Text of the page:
The postal address of St. Christopher parish, Baldwin, is 11 Gale Avenue, Baldwin NY 11510, telephone 516-223-0723. 

The postal address of St. Christopher School is 15 Pershing Blvd, Baldwin NY 11510, telephone 516-223-4404.  The school's website is linked here.
The photos above show the school and the church next to each other on the north side of Merrick Road in Baldwin.  Pershing Boulevard is west of the school, and Gale Place is east of the church. In front of the church, the N4 bus provides frequent service between Jamaica and Freeport.
The bishop of Brooklyn established St. Christopher's parish in 1915, after the foundation of St. Agnes, Rockville Centre, and Holy Redeemer, Freeport.  The south portion of the school has a cornerstone dated 1924.  The present church was built in 1959.  A few years later, twelve more classrooms were added to the school.

Recall that Merrick Road was the principal route along the south shore before the construction of Sunrise Highway in the 1920's.  A history page on the school website (linked here) recounts that Bishop Charles McDonnell was already an avid motorist in 1912-1915 and therefore selected the name the Shrine Church of St. Christopher. Because of the famous legend, St. Christopher was already the Patron of Travelers.  

Wednesday, April 16, 2014

Clergy appointments, effective 6.25.2014, new list 7.14.2014

The Long Island Catholic website lists several changes of pastors, the appointments effective June 25, 2014.
The following Nassau County parishes will get new pastors:
Our Lady of Loreto, Hempstead.
Our Lady of Peace, Lynbrook.
Our Lady of Victory, Floral Park.
St. Edward the Confessor, Syosset.
St. Kilian, Farmingdale.
The Idente Fathers will serve Our Lady of Loretto, Hempstead.  This congregation administers a cluster of three parishes in The Bronx (St. Dominic, Our Lady of Solace, and Sta. Maria).
Many more changes are listed on the Long Island Catholic website (same effective date) published July 14, 2014.
Link: Here.

Wednesday, March 19, 2014

St. Joseph's Day, March 19, 2014

Photos may be enlarged by clicking on them.

Viva la tavola di San Giuse!
After the morning Masses at St. William the Abbot's parish, Seaford, St. Joseph's bread was blessed and distributed. The first photo shows Fr. Bala blessing the bread after the first Mass.  School children, parents, and parishioners attended the second Mass.
A typed handout explained:
Saint Joseph is one of the most beloved saints among Italian-Americans.   As the patron of workers and the protector of the family, he is honored with a feast on March 19.  It began when there was a severe drought in Sicily in the middle ages.  In desperation, people asked St.Joseph, their patron, to intervene.  They promised if rain came, they would prepare a big feast in his honor.  The tradition says these prayers were answered with rainy weather.  In gratitude, huge banquet tables were set up in public, and poor people were invited to come and east as much as they wanted.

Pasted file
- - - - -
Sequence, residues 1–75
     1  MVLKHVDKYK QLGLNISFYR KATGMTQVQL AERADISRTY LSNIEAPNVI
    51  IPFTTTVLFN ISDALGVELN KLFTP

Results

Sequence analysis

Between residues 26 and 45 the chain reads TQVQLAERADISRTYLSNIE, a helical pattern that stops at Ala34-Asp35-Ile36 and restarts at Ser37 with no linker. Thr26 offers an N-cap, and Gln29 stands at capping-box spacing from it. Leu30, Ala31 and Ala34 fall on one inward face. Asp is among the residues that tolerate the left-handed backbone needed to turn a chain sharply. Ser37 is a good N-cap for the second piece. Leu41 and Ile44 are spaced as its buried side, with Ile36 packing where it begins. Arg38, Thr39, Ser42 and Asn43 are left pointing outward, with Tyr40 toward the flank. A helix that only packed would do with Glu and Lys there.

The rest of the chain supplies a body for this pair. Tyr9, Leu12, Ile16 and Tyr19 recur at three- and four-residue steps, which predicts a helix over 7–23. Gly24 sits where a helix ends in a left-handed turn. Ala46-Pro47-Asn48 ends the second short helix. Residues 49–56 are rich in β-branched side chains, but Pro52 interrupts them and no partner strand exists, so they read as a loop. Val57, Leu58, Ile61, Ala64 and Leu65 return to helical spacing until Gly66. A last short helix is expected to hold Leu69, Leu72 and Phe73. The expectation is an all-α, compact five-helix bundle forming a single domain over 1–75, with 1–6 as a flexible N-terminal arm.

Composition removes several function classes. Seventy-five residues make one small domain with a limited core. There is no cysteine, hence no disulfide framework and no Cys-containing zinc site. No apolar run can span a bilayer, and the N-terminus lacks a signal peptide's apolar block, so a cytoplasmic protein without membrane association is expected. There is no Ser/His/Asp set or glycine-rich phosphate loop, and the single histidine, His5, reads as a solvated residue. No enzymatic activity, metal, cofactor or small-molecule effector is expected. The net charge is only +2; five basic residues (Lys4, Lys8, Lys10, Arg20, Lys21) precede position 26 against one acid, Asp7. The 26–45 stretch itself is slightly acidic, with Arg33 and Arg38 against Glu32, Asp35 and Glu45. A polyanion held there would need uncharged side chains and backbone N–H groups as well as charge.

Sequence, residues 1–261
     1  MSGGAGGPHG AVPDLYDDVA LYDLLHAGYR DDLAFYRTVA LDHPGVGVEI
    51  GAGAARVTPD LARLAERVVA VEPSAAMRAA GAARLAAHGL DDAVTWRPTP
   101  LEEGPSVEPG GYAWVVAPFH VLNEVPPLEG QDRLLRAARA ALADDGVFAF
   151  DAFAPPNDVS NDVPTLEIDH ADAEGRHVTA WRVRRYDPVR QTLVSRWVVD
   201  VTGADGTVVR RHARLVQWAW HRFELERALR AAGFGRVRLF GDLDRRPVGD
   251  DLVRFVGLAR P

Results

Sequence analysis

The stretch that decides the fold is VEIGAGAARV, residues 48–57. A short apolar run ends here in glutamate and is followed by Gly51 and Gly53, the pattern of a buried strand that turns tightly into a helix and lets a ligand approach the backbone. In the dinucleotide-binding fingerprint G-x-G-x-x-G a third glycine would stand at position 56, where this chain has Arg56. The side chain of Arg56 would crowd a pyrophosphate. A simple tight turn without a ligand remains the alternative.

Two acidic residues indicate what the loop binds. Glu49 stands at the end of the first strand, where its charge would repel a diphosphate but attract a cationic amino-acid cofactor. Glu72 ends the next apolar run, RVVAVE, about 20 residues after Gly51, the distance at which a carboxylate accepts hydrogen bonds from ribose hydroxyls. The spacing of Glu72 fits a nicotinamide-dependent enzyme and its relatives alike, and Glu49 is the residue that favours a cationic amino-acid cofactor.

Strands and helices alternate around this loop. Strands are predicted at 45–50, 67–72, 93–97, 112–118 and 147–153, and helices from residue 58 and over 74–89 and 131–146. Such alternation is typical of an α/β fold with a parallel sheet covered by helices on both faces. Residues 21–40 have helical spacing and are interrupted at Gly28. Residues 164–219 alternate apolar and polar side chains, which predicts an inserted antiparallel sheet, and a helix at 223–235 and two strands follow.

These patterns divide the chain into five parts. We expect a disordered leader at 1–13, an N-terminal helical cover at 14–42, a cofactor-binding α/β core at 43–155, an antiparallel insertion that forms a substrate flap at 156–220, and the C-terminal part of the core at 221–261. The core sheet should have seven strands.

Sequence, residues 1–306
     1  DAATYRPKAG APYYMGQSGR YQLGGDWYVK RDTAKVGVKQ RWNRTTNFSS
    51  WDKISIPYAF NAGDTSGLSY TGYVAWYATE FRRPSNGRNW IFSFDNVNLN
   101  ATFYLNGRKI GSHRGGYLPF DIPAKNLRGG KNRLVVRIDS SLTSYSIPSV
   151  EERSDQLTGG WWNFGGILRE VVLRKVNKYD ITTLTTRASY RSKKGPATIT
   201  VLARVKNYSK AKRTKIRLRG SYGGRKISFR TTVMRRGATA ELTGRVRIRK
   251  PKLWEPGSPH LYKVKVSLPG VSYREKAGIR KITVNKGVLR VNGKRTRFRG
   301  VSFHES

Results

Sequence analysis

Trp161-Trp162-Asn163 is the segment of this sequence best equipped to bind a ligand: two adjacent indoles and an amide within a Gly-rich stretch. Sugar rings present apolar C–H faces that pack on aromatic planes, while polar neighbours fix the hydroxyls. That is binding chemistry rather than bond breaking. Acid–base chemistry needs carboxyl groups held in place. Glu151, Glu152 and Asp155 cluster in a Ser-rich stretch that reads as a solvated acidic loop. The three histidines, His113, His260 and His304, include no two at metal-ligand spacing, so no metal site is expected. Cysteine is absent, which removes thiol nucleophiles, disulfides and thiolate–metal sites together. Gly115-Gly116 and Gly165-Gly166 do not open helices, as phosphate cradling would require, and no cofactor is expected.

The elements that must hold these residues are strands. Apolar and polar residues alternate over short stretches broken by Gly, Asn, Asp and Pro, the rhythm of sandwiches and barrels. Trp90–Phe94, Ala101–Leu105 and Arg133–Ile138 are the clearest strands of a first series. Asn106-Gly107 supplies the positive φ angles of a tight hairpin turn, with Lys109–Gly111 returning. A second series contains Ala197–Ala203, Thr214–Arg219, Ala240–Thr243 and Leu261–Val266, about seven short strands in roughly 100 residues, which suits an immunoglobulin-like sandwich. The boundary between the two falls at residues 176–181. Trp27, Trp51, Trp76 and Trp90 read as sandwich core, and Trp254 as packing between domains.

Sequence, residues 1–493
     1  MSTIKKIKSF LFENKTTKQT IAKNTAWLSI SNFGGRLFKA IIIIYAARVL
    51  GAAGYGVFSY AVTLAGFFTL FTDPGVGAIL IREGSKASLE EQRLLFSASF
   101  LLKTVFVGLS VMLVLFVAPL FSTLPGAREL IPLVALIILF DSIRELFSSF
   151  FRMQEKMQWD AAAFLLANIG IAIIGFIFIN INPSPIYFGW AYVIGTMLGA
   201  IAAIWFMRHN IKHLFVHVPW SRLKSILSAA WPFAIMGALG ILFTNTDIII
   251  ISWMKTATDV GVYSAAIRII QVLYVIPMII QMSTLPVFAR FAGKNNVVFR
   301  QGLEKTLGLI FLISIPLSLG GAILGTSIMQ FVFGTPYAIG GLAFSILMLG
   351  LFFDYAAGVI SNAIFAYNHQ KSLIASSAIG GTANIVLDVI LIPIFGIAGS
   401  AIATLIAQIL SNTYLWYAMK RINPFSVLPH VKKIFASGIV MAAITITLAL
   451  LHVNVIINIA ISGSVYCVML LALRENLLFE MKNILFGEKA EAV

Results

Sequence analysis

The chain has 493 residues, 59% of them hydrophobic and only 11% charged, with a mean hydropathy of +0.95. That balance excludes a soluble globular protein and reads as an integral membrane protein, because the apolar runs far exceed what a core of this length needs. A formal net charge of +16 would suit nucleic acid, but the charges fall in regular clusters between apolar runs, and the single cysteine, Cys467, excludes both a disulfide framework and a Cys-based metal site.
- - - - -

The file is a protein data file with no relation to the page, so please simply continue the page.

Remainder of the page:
Generosity marks this day, as it did the character of Joseph himself.  In many nations, it's a day of sharing with the poor and needy, and nowhere is this bettr carried out than in the nation that perhaps loves the most, Italy.  In many villages, especially in Sicily, every one of any means contributes to a table spread in the public square as an offering for favors received for prayers to this kindly saint.  The bread made for this day represents Jesus.  The guests are orphans, widows, or beggars.  After Mass, all go in procesion to this festive table.  After the priest blesses the feast, all shout, "Viva la tavola di San Giuse!"  Every guest is given something to take home.

Monday, January 20, 2014

LI Catholic Elementary Schools Guide

The Sunday home delivery of Newsday on January 19, 2014, included a twelve-page Long Island Catholic Elementary Schools Guide.  A pdf of this guide may be found as a link at  http://licatholicelementaryschools.org/
It's an excellent presentation, though without a chart of class enrollment per school or the myriad tuition scales in the various schools.A centerfold map distinguishes between parish schools, regional schools, and private schools.  In this context, "private" means neither parochial nor diocesan, but managed by other Catholic organizations, as the De La Salle Christian Brothers, the Sisters of the Holy Child, or one province of the Society of Mary.

Tuesday, January 7, 2014

A free ebook from 1871

Fortunately, I encountered this title during a Google search: "A brief historical Sketch of the Catholic Church on Long Island," by Patrick Mulrenan, 1871.  The link is here.
Recall that Long Island includes Brooklyn, Queens, and everywhere to Montauk Point.  At that time, the diocese of Brooklyn included the entire island.  What is now Nassau County was part of Queens County, and Brooklyn was a City.  
At the top left of the page at the above link, you will see a red button "Ebook Free."  Yes, because the copyright has expired, Google can give you without charge what it scanned from the Harvard University library.  Before you download, consider where you want to read this book, on your computer or on a tablet, because it will download only to the device that fetches it. 
Mulrenan's book is a valuable snapshot of the Diocese of Brooklyn and its parishes and good works, as observed in 1871.  You may use the find tool to locate the parish, neighborhood, or person that is your particular interest.  In general, histories of dioceses focus on the bishops more than on the parishes, even when they attempt to write from the ground up.  The book, nevertheless, is a treasury of the growth of the church on our island.  Highly recommended.  I see copies for sale in the used book market also.

Wednesday, January 1, 2014

A blessing

The first reading for January 1 is from the Book of Numbers:
The Lord said to Moses, "Speak to Aaron and his sons and tell them: This is how you shall bless the Israelites. Say to them:
The Lord bless you and keep you!
The Lord let his face shine upon you, and be gracious to you!
The Lord look upon you kindly and give you peace!
So shall they invoke my name upon the Israelites, and I will bless them."
(An introduction to book of Numbers may be found here.)